Most people are still viewing 360-degree content on tablets and 2D devices. How do you see that evolving over time?
When my 7-year-old daughter was 2, she would walk up to our television and try to swipe as if it were an iPad. Now my 2-year-old son holds my phone and moves it around as if every video is a window to another place. Without a doubt, I do see this evolving over time. I think adoption will occur over generations and be influenced by technology innovation. This is why we’re so focused on the art of storytelling and engagement in this new medium.
What are the opportunities in 360-degree video today?
We think there is a tremendous opportunity for 360-degree video today. Education, entertainment, sports media, travel, social impact, and news to start, but more categories will most certainly appear. These are all opportunities to explore the medium as an art form and build a deeper relationship between the stories and communities. And of course, some folks will focus on videos of cats, or the current version of them.
What are the challenges, especially with editing this content?
There are two new elements to the workflow: data management/syncing and stitching. This adds a tremendous burden on quick turnaround projects not only from a time and cost perspective, but also a go-to-market perspective. Luckily, there are a handful of companies—Nokia, Orah, and Sphericam are a few great examples—that are solving these issues by consolidating features in new cameras. I believe that over time, possibly as early as the next few months, these tools will get better.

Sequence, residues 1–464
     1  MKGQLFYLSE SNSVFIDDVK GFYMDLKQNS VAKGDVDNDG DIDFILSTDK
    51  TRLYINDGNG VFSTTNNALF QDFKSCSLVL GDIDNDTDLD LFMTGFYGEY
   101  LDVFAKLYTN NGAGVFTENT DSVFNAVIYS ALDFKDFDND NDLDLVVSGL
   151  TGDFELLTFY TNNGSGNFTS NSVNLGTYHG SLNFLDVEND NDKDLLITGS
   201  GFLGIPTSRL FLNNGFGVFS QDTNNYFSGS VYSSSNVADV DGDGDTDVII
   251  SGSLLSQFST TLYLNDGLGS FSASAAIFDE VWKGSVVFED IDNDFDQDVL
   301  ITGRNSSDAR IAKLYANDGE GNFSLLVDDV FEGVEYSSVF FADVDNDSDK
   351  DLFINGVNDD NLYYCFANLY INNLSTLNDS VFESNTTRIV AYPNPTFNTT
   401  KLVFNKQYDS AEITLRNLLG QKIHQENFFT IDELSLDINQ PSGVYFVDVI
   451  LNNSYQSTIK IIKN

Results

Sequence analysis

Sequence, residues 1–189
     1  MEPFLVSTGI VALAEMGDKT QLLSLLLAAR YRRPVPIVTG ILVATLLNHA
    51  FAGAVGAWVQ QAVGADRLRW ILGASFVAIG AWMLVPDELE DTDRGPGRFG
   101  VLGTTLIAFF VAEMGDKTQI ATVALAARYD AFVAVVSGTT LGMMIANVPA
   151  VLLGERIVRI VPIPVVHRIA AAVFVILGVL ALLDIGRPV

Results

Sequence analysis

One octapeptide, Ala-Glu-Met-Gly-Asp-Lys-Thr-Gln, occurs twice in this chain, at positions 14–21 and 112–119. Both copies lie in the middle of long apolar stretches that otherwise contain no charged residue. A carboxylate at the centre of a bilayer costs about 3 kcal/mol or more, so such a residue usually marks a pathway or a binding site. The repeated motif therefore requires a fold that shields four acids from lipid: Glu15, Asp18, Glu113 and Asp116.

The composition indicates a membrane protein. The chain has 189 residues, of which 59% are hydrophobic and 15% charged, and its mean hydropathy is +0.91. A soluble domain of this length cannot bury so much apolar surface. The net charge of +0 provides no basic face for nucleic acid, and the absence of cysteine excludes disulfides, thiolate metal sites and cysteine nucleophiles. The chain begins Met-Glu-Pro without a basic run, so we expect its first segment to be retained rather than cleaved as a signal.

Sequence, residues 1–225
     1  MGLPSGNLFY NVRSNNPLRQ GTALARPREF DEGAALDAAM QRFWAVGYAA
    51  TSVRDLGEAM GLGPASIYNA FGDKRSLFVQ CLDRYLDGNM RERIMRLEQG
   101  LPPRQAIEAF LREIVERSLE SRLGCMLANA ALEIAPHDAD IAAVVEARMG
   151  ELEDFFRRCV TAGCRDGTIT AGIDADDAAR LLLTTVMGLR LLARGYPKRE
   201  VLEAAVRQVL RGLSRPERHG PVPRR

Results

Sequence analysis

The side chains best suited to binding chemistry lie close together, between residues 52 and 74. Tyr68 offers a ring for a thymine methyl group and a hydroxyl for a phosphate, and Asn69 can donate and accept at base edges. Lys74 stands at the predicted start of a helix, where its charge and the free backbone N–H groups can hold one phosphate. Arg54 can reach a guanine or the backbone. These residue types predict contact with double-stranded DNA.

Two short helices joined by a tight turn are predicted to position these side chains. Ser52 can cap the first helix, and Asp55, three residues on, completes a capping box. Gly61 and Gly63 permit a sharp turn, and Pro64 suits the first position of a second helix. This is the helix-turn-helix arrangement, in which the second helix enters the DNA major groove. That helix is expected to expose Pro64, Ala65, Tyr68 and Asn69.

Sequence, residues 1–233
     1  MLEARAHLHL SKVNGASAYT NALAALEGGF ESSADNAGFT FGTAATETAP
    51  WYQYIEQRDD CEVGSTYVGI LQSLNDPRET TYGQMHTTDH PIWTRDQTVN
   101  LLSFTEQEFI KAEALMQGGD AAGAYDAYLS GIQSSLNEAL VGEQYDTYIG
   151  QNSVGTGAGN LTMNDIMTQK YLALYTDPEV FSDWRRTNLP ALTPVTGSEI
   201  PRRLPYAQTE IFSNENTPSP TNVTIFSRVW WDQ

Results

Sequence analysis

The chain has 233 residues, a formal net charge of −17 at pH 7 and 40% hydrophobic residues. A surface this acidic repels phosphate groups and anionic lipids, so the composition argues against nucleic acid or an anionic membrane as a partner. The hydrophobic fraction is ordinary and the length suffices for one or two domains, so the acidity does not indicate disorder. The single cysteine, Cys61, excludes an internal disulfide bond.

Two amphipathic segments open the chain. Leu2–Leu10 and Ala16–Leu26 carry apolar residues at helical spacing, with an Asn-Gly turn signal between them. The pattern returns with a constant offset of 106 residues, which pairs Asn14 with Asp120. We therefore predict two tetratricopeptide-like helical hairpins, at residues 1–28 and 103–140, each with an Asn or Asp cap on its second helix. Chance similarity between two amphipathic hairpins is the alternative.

How is your company bridging the gap between Silicon Valley and Hollywood?
I believe that we’re experiencing a once-in-a-lifetime disruption, and we have an opportunity to create a whole new type of company. Many would agree that over the years, Silicon Valley and Hollywood have been at odds with each other, essentially because one values technology and innovation while the other values content and creativity. Furthermore, the fundamental investment vehicles and ecosystems that support both are completely different. For example, Silicon Valley invests in stock and increasing the value of that stock. Hollywood invests in rights and distribution, and creates companies to capture revenue from licensing and other means. For Zeality, we want to bring these forces together to create the ultimate collaboration between creative/content and tech/innovation in terms of culture, product development and go-to-market.
How will the new wave of both professional and consumer 360 cameras impact this ecosystem?
The new wave of professional and consumer 360-degree cameras are going to have an incredible impact on the ecosystem, but ultimately, the medium requires the storytellers to start from the ground up. They’re not filming in a frame and they have to re-imagine the role of the protagonist in these stories. From a professional storytelling perspective, I’m a big fan of what Sphericam, Orah, and Nokia are doing. For the more user-generated stuff, I think you’re going to see a larger variety of options out there, but regardless of what sort of equipment they use, it will be great to see what sort of content is created when the creator is unencumbered by existing film-making norms. Whatever happens, it’s great to have all these options available to aspiring and professional content creators.